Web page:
The quote at the beginning of this chapter really does sum up most of the book, doesn’t it? “It will not happen automatically. It will require intentionality and investment.” Yep. This is true of most things in our lives–we don’t learn a new language, or an instrument, or a sport, or algebra, or how to cook, or how to drive without intentionality and investment. We spend time, energy, and money learning those things and teaching them to our children. Why is the same not true of faith?
Most of this chapter is about mission trips–how they can be, if done extremely well, life changing events for the people who go on the trip. Dean asks us to be honest about the fact that these trips are for us, really–we are the ones who benefit from these experiences. Sure, the people we go to serve may have a new wheelchair ramp or a roof or some free childcare, but they often lose their dignity in the process. In the podcast I linked to last week, where Dean was interviewed about this book, she puts it very starkly, asking us to be honest about the fact that these mission trips are often about mutual using of other people (ie, the people with a need are using us to get the need met, and we are using them to feel good about ourselves and have some kind of service experience) rather than about truly building up the body of Christ and seeing the face of Jesus in people around us. That is often true. I’ve wondered before whether, when we leave a community, anyone ever says “remember those people who came here a few months ago and hung our drywall? I really saw Christ in them, and I loved getting to know those kids from another part of the country, and I learned so much about the meaning of life while they were here.” Because those are the kinds of things we come home and say, right? But is it a mutual relationship, or another example of some of us swooping in to save the day for “the needy”? Or another episode in volun-tourism, where we really go to see what life is like somewhere else and to feel good about ourselves while we do it, but not to make lasting changes to either the “somewhere else” or ourselves? Add in the research that suggests that a really really small percentage of the teens who go on these trips have lasting (ie, more than 5 years) change come out of them, and the research that suggests that sometimes the communities we go to serve are not only no better off, but actually worse off, than when we went there, and we have a recipe to be very very careful about mission trips. They sound wonderful, and they can be. The difficulty is that, much like a trumpet player, there’s no in between–they’re either very very good, or very very bad.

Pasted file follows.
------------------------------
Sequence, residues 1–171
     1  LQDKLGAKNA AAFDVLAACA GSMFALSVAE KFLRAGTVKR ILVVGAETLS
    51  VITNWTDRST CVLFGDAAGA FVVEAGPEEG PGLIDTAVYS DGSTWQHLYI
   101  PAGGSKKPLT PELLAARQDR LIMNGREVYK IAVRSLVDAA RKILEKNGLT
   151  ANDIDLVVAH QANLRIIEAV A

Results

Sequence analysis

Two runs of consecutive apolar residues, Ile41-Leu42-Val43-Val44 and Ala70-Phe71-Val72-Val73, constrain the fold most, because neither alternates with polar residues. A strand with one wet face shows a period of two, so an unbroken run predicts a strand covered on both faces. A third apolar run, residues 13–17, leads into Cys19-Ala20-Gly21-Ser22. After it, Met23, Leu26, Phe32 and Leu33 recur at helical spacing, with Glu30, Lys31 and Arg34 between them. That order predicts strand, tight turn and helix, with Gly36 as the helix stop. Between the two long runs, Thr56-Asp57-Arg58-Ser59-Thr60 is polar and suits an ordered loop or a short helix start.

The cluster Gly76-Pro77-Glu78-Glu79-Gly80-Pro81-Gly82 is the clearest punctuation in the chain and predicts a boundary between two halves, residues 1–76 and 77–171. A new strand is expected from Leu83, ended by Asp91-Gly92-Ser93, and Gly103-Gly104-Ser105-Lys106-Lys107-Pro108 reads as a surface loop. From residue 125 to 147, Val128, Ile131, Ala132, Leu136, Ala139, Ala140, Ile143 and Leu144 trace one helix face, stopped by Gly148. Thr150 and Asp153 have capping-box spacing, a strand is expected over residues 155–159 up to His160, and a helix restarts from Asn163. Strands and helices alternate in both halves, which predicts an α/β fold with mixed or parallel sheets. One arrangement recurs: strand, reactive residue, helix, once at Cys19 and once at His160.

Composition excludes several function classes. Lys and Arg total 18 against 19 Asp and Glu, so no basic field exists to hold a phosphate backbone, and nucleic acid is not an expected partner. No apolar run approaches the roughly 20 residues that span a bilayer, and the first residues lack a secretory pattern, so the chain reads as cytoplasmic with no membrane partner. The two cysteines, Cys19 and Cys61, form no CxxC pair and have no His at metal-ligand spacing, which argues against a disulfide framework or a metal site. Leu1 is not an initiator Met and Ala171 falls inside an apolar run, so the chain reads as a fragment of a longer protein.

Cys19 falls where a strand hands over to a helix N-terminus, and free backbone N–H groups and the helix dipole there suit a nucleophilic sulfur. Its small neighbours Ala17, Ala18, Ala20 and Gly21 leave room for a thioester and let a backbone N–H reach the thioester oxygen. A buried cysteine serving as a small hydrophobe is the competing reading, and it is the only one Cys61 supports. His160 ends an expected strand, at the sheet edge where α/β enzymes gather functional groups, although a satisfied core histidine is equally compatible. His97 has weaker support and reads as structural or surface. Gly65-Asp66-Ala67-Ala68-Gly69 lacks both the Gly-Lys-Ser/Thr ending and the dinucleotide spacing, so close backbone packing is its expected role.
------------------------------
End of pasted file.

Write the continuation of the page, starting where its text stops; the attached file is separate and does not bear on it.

So…Dean suggests that we call these what they are–they are learning trips, opportunities for cross-cultural encounter. They are wonderful times to get out of our own comfort zones, take a step back, and be more reflective about our life and faith and where those intersect with the rest of the world. The work we do is peripheral, really. The time spent connecting God’s story, our story, and the story of others all together is what’s truly valuable about these trips. And often, in order to do that, we need to go to what Dean calls The Edge of the Void. We need to get out of the self-centered place we often inhabit…to be “decentered.” Then we find ourselves in a thin place, where the separation between heaven and earth is narrow and we can KNOW God and ourselves and the world differently. But these thin places can be found in lots of ways–not only traveling to a new location, but also trying a new form of prayer, going to a different part of town, practicing Sabbath in a culture that demands constant attention, visiting immigrants detained at the county jail, teaching ESL, coming to the communion table…the list goes on and on. We can be de-centered, we can enter liminal space, in many ways, and going to a starkly different culture or landscape is only one way.
The most important phrase in the whole chapter is just half a sentence near the beginning: “Mission is not a trip.” Amen. Mission is what God is doing in the world–and that mission needs a church to carry it out. The question is whether what God is doing in the world is building a wheelchair ramp or building relationships with people of different cultures/races/economic status/education/region/experience. How can we participate in God’s mission of tearing down the dividing walls and building up the body of Christ? Sometimes that may involve manual labor. But it can’t JUST involve labor–that puts us at risk of once again serving only ourselves. It’s one thing to do something good and feel good about it, and another thing to get to know someone and to know that God is changing their lives through your own changed life.
The purpose of the gospel is transformation–of people into the body of Christ and ultimately of the world into the kingdom of God. How do we open ourselves to this transformation? How do we offer opportunity for transformation? How do we participate in the transformation of the world? These are big questions–ones that “mission” trips often seek to begin to answer. But ultimately, five days every summer is just the beginning. If we are not participating in God’s vision for the world every day, we are no more part of the mission than if we never went on the trip at all. If we are not reflecting on how God’s story intersects ours, on how the sacred text we read every Sunday affects the world, then we are missing the opportunity God has placed in our midst–the opportunity to be transformed and the opportunity to show one another (of all ages!) the good news of God’s love that can change the world.
So…I guess that’s a call to get to work! Just not in the usual way. 🙂